One of Birmingham's most popular politicians who "led the way for women on the council" has been congratulated on her 100th birthday.
Freda Cocks is most remembered as the Lord Mayor who welcomed the Queen to Birmingham during her 1977 Silver Jubilee tour.
But the former Conservative councillor was also a pioneer for women in local politics.
She was the first Conservative woman to be elected Lord Mayor, the first to be chairman of any major city committee and the first to be given the freedom of the city.
Now at the Digby Manor residential home, she celebrated the landmark birthday with close family and friends and an official visit from current Lord Mayor Ray Hassall.
Conservative group deputy leader Coun Randal Brew, also a former Lord Mayor, said: "Freda led the way for women on the council.
"She chaired the housing committee and was the first woman to be deputy leader and, of course with Marjorie Brown, another female Lord Mayor, was the first to be given the freedom of the city.
"She is highly respected as both a councillor and a person. She has every right to be proud, we are certainly all very proud of her."
Lord Mayor Ray Hassall said: "It is a privilege to be here to congratulate Freda on her 100th birthday.
"The many people here shows just how respected she is. She achieved so much and has done a lot for this city over the years."
She was known as 'Fighting Freda' and was a key player in the policy of slum clearances in the 1950s and 60s and creation of new estates.
Never pompous, she later admitted the policy of moving large numbers of people into tower blocks had been a mistake.
Freda also served as a magistrate and was awarded an OBE.
Shortly after her retirement from front-line politics in 1991 after 37 years as a councillor, she lost her eyesight.
Despite this setback, she remained very much involved in charity and voluntary work, with the League of Friends of the Eye Hospital, City Hospital and Women's Hospital and was also an active member of the Rathbone Society.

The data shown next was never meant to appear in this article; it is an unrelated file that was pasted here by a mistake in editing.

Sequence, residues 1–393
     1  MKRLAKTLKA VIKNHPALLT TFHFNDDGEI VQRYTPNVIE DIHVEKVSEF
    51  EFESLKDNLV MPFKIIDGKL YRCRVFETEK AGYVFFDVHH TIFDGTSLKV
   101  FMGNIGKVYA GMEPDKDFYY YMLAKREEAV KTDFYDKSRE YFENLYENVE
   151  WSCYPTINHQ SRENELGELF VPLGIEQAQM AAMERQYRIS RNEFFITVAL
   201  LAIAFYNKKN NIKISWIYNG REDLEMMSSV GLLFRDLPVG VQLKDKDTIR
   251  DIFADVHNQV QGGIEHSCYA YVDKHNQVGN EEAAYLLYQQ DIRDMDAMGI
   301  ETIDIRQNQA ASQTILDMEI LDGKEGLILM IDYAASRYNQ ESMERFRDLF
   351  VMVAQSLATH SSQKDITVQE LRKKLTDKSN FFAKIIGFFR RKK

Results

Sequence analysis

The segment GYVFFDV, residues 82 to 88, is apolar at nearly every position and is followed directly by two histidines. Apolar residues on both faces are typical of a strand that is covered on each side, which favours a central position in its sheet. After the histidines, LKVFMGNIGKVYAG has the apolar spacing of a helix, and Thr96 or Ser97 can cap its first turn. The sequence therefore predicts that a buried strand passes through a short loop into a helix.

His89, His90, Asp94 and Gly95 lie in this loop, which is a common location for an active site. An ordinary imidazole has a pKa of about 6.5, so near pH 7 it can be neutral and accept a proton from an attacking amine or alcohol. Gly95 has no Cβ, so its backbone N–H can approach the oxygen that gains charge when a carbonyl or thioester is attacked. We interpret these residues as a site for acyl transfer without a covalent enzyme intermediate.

The highlight of her year as Lord Mayor was undoubtedly the Silver Jubilee.
Interviewed in 2002, she recalled the Queen's visit and said: "I remembered to call her 'Your Majesty' the first time I spoke to her, then 'ma'am' - to rhyme with 'ram' subsequently and I had to introduce her to other council members.
"She was gracious to them, smiled into their faces and put them at their ease. Then, the line-up over, she said to me: 'That's got rid of the top-notchers. Let's go and meet the people.' So we did.
"I remember with hindsight that she went almost on her knees to speak to children. The idea that Diana was the first royal to bother with them is completely wrong. The Queen picked them out in the crowd and walked towards them.
"We came across a little ragamuffinly type, a Just William lad with high socks concertinaed round his ankles, his tie under one ear and his hair standing on end.
"He had this big bunch of red roses tied up with tatty old string and, as the Queen paused in front of him, he bowed and said: 'Ere y'are, Missus' as he thrust the flowers towards her.
"She burst out laughing, ruffled his hair and said 'are these from your garden?' 'Yerrs, Missus', he told her, and she asked if he or his mother had picked them.
"He said: 'No, Missus, I nicked 'em.' As she walked away from him, still laughing, she said to me: 'You know, you always get most fun from the children'."